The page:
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Chögyam Trungpa—meditation master, scholar, and artist—was identified at the age of only thirteen months as a major tulku, or reincarnation of an enlightened teacher. As the eleventh in the teaching lineage known as the Trungpa tulkus, he underwent a period of intensive training in meditation, philosophy, and fine arts, receiving full ordination as a monk in 1958 at the age of eighteen. The following year, the Chinese Communists invaded Tibet, and the young Trungpa spent many harrowing months trekking over the Himalayas, narrowly escaping capture. Trungpa's account of his experiences as a young monk, his duties as the abbot and spiritual head of a great monastery, and his moving relationships with his teachers offers a rare and intimate glimpse into the life of a Tibetan lama. The memoir concludes with his daring escape from Tibet to India. In an epilogue, he describes his emigration to the West, where he encountered many people eager to learn about the ancient wisdom of Tibetan Buddhism.
This is the story of the early life and escape from the Chinese of a young tulku of Tibet, an incarnate lama of high rank. The book, first published in 1966, shows the quality of human life as lived in Tibet at all levels. The account of his religious education is detailed and of equal value is his description of the meditational centres and seminaries and of his tutors and spiritual teachers.
The Collected Works of Chögyam Trungpa brings together in eight volumes the writings of the first and most influential and inspirational Tibetan teachers to present Buddhism in the West. Organized by theme, the collection includes full-length books as well as articles, seminar transcripts, poems, plays, and interviews, many of which have never before been available in book form. From memoirs of his escape from Chinese-occupied Tibet to insightful discussions of psychology, mind, and meditation; from original verse and calligraphy to the esoteric lore of tantric Buddhism—the impressive range of Trungpa's vision, talents, and teachings is showcased in this landmark series. Volume One contains Trungpa's early writings in Great Britain, including Born in Tibet (1966), the memoir of his youth and training; Meditation in Action (1969), a classic on the practice of meditation; and Mudra (1972), a collection of verse. Among the selected articles from the 1960s and '70s are early teachings on compassion and the bodhisattva path. Other articles contain unique information on the history of Buddhism in Tibet; an exposition of teachings of dzogchen with the earliest meditation instruction by Trungpa Rinpoche ever to appear in print; and an intriguing discussion of society and politics, which may be the first recorded germ of the Shambhala teachings.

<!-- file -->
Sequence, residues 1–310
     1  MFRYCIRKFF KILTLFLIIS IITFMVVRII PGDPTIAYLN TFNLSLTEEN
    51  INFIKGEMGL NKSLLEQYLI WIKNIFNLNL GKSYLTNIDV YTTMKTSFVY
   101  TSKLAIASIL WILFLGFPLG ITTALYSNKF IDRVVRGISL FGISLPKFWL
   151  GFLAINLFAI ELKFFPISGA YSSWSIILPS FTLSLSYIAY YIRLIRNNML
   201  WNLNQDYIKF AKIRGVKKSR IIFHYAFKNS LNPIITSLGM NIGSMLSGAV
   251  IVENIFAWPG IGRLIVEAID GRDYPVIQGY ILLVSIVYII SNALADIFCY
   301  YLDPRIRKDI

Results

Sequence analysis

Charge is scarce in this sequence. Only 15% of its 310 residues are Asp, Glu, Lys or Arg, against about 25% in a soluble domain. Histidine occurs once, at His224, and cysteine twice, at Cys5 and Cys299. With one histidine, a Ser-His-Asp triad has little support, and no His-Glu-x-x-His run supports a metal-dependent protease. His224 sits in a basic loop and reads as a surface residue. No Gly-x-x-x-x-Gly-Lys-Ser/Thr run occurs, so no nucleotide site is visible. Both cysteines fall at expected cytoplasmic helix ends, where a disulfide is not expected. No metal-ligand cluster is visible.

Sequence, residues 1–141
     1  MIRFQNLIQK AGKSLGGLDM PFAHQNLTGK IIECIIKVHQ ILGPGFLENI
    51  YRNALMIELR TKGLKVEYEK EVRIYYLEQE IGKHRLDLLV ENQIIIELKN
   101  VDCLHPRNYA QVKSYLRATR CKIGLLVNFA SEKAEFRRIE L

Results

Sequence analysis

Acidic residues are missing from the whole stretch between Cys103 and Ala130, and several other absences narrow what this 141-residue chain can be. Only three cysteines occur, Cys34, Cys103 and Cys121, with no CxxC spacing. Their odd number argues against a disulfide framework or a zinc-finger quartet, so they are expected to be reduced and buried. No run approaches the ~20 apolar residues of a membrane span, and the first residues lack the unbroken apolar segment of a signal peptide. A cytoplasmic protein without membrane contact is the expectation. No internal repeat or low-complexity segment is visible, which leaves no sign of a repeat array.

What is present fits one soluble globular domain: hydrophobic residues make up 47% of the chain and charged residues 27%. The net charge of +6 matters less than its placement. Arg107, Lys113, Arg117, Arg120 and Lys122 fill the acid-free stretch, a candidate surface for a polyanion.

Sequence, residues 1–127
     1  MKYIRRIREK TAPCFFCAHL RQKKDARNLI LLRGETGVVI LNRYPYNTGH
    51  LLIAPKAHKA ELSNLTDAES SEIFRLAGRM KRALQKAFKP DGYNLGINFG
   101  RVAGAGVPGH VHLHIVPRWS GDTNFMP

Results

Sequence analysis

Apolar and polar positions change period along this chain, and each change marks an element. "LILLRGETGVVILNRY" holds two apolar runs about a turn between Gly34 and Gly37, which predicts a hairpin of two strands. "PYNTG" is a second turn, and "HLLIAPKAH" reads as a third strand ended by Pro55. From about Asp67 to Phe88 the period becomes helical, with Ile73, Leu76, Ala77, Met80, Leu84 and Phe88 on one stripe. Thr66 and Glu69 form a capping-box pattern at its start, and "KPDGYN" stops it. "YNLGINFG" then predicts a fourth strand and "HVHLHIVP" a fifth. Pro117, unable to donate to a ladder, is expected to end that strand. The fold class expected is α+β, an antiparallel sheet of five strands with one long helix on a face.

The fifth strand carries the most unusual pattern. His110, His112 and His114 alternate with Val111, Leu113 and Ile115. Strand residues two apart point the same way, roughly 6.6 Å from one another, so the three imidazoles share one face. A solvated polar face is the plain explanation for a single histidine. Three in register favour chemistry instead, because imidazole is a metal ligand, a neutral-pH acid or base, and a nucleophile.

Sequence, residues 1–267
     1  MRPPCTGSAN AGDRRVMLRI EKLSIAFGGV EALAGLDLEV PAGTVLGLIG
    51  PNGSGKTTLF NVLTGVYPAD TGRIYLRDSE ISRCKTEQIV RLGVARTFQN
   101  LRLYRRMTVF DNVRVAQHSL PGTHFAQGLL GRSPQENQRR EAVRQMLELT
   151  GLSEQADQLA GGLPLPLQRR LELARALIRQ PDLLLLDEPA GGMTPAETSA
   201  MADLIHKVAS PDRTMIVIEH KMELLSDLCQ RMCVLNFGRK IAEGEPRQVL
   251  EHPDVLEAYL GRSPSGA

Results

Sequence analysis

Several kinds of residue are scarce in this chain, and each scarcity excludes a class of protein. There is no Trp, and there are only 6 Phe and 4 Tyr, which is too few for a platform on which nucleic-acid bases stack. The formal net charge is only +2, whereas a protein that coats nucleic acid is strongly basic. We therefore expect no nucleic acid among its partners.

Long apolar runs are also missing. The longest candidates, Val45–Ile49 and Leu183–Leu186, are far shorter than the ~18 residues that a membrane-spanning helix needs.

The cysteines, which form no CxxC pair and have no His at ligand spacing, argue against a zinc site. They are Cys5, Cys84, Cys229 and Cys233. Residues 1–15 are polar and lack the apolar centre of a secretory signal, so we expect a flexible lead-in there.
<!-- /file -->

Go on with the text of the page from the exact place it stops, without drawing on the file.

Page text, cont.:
Looks At The Gensis Of The Panchsheel Agreement Between India And China Which Surrenderd Tibet To China. What We Did Still Haunts Us. This Study Concludes With Some Tentative Proposals To Resolve The Current In Passe. 14 Chapters-Appendices-Bibliogrpahy-Index. 10 Maps, 6 Illustrations.
Tibetan Transitions uses the dual lenses of anthropology and demography to analyze population regulating mechanisms in traditional Tibetan societies, and to link recent fertility transitions with family systems, economic strategies, gender equity, and family planning ideologies.
More and more mental health professionals are discovering the rich tradition of Buddhist psychology and integrating its insights into their work with clients. Buddhist tradition teaches that all of us are born with what Chögyam Trungpa terms "basic sanity," or inherent goodness, health, and clear perception. Helping ourselves and others to connect with this intrinsic ground of sanity and health is the subject of this collection of teachings, which the author gave to Western psychologists, psychotherapists, and students of Buddhist meditation over a number of years. The Sanity We Are Born With describes how anyone can strengthen their mental health, and it also addresses the specific problems and needs of people in profound psychological distress. Additionally, the author speaks to the concerns of psychotherapists and any health care professionals who work with their patients' states of mind. The collection includes teachings on: • Buddhist concepts of mind, ego, and intelligence, and how these ideas can be employed in working on oneself and with others • meditation as a way of training the mind and cultivating mindfulness • nurturing our intrinsic health and basic sanity • guidance for psychotherapists and health professionals
Covering the social, cultural, and political development of Tibet from the seventh century to the modern period, this resource reproduces essential, hard-to-find essays from the past fifty years of Tibetan studies, along with several new contributions. Beginning with Tibet's emergence as a regional power and concluding with its profound contemporary transformations, the collection is both a general and specific history, connecting the actions of individuals, communities, and institutions to broader historical trends shaping Asia and the world. With contributions from American, French, German, Italian, Chinese, Japanese, and Tibetan scholars, the anthology reflects the international character of Tibetan studies and its multiple, interdisciplinary perspectives. By far the most concise scholarly anthology on Tibetan civilization in any Western language, this reader draws a clear portrait of Tibet's history, its relation to its neighbors, and its role in world affairs.

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